Jul 11, 2022
Welcome to episode 126 of Activist #MMT. Today's part two in a six-part series with Texas Christian University (TCU) economics professor and Cowboy Economist, John Harvey. The first three parts are hosted by me, the final three by MMT researcher, Texas lawyer, and my previous guest, Johnathan Wilson. Jonathan and John talk about how MMT can apply to nations outside the US, using Russia as an example, and also some of the core theoretical and ideological differences between MMTers and mainstream economists, focusing on a recent critique of MMT by Drumetz and Pfeister. (You can hear my own interview with Jonathan in episodes 106 and 107.)
(A list of the audio chapters in this episode can be found at the bottom of this post. Here's a link to part one, which contains a link to all six parts in the series. For a link to every Activist #MMT interview with John – plus the full audio of every Cowboy Economist video (!) – go here.)
Today in part two, John and I continue our conversation about his chapter in the upcoming book called Modern Monetary Theory: Key Insights, Leading Thinkers. The book will be published by the UK-based Gower Institute for Modern Money Studies, or GIMMS; it's edited by L. Randall Wray and GIMMS; and is scheduled for January 2023 release. John is one of 15 authors. John's chapter is called "Modern Monetary Theory, the UK, and pound sterling". It addresses the following criticism of MMT (this is a quote from the chapter): "MMT-inspired policies will cause high rates of price inflation which will, in turn, lower the international value of a domestic currency – perhaps catastrophically." This conversation discusses the three major false assumptions underlying this criticism.
Surprisingly, however, my the main insight I take from this conversation with John is a much clearer understanding of inflation in general. As promised in the intro to part one, here's that insight:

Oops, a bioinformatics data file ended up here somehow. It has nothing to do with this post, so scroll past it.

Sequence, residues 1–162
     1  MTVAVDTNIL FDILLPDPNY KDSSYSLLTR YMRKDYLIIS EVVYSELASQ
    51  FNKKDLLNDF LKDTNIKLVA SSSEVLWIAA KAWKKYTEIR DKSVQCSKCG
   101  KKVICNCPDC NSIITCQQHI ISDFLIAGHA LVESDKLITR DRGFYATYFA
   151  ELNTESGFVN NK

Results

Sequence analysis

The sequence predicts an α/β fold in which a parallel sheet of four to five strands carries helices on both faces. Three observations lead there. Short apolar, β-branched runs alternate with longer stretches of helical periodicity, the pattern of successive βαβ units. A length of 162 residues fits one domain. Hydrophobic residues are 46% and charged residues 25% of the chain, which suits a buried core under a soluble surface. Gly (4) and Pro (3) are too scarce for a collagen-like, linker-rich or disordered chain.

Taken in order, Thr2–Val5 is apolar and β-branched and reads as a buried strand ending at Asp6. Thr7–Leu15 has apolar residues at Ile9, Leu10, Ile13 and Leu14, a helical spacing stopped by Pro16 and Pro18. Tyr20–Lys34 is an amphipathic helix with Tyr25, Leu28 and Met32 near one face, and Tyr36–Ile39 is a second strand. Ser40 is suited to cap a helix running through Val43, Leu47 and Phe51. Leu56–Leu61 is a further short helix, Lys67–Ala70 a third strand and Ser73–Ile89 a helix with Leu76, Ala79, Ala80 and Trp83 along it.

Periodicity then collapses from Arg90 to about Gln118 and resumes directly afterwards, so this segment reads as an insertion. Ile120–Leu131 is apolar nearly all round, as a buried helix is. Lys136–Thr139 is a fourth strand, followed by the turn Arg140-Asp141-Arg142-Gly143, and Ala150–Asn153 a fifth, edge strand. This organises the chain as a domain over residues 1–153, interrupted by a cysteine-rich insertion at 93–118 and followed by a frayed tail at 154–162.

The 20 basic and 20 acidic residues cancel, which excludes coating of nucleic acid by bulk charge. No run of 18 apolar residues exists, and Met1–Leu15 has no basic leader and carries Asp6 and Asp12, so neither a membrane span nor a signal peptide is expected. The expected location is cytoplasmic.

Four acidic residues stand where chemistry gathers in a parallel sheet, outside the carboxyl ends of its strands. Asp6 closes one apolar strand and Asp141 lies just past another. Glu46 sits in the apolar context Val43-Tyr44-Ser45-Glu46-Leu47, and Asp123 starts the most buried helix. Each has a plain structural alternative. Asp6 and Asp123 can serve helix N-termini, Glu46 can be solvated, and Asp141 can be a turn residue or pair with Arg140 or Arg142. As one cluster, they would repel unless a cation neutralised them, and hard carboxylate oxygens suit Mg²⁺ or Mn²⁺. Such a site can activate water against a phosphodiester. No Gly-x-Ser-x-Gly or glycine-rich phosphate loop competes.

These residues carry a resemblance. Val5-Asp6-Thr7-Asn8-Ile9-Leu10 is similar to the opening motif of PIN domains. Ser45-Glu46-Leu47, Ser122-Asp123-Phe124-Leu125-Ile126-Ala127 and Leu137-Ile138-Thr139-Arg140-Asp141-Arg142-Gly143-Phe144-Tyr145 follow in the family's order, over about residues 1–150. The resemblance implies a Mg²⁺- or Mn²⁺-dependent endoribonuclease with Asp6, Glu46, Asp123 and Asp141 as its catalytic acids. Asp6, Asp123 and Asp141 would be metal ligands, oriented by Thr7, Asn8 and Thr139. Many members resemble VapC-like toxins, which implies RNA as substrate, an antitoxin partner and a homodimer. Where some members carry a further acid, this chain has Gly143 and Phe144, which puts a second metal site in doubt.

Inflation is not a disease or even a symptom, but rather a potential measurement of some problem somewhere. Similarly, a thermometer says you have a fever. A fever means your body is fighting off something. Sure, you could take an ice bath to reduce your fever, but that will do little if anything to cure the underlying sickness.
Further, while a thermometer measures something simple and definitive – your body temperature – the measurement of inflation is, and can only be, socially defines and executed. As John says, if used cars are heavily weighted in the consumer price index (a primary survey used to measure inflation), then the price of used cars skyrocketing (such as for a shortage of microchips) will increase overall inflation. But for the majority who have no plans to buy a used car, this particular inflation means little to them in real terms. However, this same inflation is used to stoke fear in everyone, regardless what they want to buy or not buy.
Further still, inflation is a measurement. The idea of "reducing inflation" (such as by the Fed raising interest rates) is targeting something that serves as nothing more than a distraction from the real world and the underlying problems the measurement is referring to. Targeting low inflation is very similar to targeting a low deficit ("we must reduce deficit!"). This is targeting a measurement and sacrificing those at the bottom, in the real world, in order to do it. This is example of Goodhart's law: when a measurement becomes a target, it ceases to be a good measurement. The difference is that a deficit is never inherently a bad thing, where inflation is generally, genuinely referring to a real problem in real world. However, targeting only the inflation measurements itself, almost always results in the underlying problem(s) being ignored and exacerbated.
Basically, is your goal to lower the temperature on the thermometer, or to not be sick?
And now, let's get right back to my conversation with John Harvey. Enjoy.